Friday, July 26, 2013

U2.COM : 'Letting The Moments Speak For Themselves.'

He failed photography at high school, and had to take all his pictures of U2 from within the crowd. So how come Otto Kitsinger ended up going to over 100 shows and being sought out by thousands of fans on-line, as well as by Rolling Stone magazine and the Rock and Roll Hall of Fame, for his performance photos of U2? Special to subscribers, Brian Draper spoke to a photographer who’s taken some of the most memorable live pictures of U2... and here Otto talks us through some of his favourite shots
How did you start taking live pictures of U2?
I started as a fan in the crowd, and I ended as a fan in the crowd. I went to some of the ZOO TV shows but without a camera; then on PopMart, I took a plastic $20 film camera to get some pictures of the big screen, to show people why I was going to so many concerts. At the time, there was no Flickr...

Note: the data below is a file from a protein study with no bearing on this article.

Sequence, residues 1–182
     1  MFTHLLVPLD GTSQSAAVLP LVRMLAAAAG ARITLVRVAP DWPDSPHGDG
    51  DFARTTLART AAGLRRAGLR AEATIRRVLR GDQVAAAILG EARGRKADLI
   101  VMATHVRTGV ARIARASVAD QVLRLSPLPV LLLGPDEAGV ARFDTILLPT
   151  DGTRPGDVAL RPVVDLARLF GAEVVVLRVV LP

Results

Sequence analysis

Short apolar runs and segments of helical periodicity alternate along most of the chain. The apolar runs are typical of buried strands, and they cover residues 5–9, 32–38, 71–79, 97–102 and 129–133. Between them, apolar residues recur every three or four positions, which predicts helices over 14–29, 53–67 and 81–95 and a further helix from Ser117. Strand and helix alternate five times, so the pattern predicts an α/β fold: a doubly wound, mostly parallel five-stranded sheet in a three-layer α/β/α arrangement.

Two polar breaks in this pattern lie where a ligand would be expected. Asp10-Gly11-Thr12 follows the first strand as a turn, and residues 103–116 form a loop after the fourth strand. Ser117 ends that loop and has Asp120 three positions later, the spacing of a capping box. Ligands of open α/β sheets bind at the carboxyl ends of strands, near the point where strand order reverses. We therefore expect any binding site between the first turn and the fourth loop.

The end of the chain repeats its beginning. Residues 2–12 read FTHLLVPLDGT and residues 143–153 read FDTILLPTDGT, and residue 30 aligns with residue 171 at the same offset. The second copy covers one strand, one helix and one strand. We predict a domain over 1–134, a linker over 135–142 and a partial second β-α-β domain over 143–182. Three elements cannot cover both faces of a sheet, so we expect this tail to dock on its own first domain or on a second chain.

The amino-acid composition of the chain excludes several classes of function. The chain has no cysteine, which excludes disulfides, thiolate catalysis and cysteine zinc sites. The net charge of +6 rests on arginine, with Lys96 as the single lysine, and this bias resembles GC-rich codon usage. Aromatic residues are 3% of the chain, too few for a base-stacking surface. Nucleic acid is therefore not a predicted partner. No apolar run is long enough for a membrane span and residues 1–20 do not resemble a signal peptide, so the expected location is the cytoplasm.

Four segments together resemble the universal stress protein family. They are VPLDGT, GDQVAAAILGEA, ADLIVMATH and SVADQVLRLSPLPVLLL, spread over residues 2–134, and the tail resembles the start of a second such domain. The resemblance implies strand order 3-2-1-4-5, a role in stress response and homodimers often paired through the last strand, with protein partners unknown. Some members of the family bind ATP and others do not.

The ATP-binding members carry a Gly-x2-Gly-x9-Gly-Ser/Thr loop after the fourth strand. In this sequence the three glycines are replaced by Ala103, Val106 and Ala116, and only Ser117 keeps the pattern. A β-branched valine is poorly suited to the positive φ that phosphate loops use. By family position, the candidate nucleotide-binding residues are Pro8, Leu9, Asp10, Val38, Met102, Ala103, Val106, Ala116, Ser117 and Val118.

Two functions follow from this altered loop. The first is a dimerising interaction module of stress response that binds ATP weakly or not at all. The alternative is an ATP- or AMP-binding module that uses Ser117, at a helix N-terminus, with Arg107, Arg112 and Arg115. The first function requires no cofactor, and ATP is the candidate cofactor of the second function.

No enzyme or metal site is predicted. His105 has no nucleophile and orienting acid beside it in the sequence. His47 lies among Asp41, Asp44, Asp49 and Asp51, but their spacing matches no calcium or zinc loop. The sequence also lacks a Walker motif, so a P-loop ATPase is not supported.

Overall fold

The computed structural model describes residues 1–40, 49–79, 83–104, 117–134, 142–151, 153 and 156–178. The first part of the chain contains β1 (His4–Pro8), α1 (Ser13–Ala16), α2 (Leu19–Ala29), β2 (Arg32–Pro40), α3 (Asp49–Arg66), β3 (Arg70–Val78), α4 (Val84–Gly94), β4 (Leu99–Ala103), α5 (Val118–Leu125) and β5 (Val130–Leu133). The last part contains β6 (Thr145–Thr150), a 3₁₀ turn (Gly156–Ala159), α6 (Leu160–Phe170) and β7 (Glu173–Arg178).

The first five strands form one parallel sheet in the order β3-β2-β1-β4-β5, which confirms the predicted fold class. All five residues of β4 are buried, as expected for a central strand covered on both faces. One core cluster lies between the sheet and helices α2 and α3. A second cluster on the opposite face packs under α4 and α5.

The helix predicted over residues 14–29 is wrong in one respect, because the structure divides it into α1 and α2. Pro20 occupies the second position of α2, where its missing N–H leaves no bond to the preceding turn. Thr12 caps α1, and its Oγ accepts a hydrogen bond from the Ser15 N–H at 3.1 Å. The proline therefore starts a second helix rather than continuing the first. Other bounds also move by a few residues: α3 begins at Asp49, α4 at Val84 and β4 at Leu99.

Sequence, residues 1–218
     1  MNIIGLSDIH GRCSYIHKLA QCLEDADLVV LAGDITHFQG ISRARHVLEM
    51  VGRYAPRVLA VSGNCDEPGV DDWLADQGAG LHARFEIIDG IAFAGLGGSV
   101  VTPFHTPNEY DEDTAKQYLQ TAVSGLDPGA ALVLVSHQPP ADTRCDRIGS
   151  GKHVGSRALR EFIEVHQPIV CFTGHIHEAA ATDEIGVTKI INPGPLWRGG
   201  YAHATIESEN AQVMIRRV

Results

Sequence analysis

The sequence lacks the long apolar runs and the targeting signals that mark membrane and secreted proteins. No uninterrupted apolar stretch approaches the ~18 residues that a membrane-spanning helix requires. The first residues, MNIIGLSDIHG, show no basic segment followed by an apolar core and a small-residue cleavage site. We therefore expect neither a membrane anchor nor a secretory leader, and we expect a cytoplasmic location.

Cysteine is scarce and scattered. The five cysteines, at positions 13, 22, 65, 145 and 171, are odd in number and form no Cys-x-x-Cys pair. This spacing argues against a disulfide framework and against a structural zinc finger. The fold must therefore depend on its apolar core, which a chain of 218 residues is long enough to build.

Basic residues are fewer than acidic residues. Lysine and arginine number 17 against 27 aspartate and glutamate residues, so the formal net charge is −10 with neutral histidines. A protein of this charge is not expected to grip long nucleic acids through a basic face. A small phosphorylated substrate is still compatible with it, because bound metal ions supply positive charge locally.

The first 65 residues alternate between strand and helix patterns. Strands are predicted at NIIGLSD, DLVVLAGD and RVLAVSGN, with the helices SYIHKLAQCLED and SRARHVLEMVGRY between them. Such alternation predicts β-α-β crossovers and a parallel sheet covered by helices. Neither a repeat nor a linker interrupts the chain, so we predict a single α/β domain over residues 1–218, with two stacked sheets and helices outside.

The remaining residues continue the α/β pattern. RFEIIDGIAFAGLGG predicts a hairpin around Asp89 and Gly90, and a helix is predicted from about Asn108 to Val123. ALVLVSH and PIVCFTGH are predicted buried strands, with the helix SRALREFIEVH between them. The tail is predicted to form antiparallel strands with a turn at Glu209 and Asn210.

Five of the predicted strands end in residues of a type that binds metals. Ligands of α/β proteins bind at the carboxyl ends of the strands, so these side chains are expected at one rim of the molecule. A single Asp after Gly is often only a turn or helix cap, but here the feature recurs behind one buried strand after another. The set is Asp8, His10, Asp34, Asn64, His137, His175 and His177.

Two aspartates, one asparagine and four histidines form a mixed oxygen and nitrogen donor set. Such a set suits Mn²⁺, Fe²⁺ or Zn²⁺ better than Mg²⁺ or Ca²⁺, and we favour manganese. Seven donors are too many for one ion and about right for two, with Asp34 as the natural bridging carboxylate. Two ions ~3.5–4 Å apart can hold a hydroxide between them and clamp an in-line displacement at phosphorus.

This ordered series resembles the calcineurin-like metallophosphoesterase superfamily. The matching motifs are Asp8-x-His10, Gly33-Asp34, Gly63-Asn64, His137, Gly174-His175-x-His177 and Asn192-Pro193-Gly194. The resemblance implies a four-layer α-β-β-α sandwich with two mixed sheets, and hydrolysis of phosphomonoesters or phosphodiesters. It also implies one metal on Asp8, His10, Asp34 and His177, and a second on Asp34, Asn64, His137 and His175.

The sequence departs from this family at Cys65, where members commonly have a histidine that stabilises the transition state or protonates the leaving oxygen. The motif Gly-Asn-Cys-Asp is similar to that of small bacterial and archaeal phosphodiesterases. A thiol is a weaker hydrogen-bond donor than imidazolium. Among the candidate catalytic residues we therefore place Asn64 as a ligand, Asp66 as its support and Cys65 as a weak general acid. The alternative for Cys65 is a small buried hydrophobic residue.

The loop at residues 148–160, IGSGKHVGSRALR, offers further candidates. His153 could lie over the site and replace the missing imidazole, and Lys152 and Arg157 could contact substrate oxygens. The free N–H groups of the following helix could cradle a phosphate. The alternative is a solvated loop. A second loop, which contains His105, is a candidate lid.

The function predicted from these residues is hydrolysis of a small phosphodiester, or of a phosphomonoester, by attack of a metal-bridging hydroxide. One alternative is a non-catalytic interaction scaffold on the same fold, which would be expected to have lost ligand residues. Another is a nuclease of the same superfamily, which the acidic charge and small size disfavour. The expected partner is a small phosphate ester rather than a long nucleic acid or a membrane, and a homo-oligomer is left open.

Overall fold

And no cameras on phones.
That’s right. I happened to be close to the rail by the B-stage and someone in U2’s crew ducked out of the way for me to take a photo. I shook his hand and said thanks. Afterwards, I met this guy again, and he said, “If you want to bring a camera in the future, that’s fine - just no telephoto lens.”
So, at the next show, I brought my camera with a 50mm lens, and I got some good shots which I put on the Internet. I didn’t have my own domain name back then, but I put up a page of my pictures on my home account at my web host, and I told some mailing lists ...